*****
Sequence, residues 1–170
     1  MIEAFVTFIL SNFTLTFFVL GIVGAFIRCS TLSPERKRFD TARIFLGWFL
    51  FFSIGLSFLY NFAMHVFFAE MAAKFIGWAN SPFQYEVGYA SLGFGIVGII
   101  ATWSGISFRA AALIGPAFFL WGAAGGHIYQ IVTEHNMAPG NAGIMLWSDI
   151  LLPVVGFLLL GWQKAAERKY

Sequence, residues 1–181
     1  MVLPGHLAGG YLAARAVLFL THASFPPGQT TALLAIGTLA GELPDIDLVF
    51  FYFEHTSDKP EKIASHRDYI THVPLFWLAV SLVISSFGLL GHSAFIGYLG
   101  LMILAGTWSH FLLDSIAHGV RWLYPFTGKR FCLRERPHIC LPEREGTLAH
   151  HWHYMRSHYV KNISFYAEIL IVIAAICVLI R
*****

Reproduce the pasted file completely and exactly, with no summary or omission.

Sequence, residues 1–170
     1  MIEAFVTFIL SNFTLTFFVL GIVGAFIRCS TLSPERKRFD TARIFLGWFL
    51  FFSIGLSFLY NFAMHVFFAE MAAKFIGWAN SPFQYEVGYA SLGFGIVGII
   101  ATWSGISFRA AALIGPAFFL WGAAGGHIYQ IVTEHNMAPG NAGIMLWSDI
   151  LLPVVGFLLL GWQKAAERKY

Sequence, residues 1–181
     1  MVLPGHLAGG YLAARAVLFL THASFPPGQT TALLAIGTLA GELPDIDLVF
    51  FYFEHTSDKP EKIASHRDYI THVPLFWLAV SLVISSFGLL GHSAFIGYLG
   101  LMILAGTWSH FLLDSIAHGV RWLYPFTGKR FCLRERPHIC LPEREGTLAH
   151  HWHYMRSHYV KNISFYAEIL IVIAAICVLI R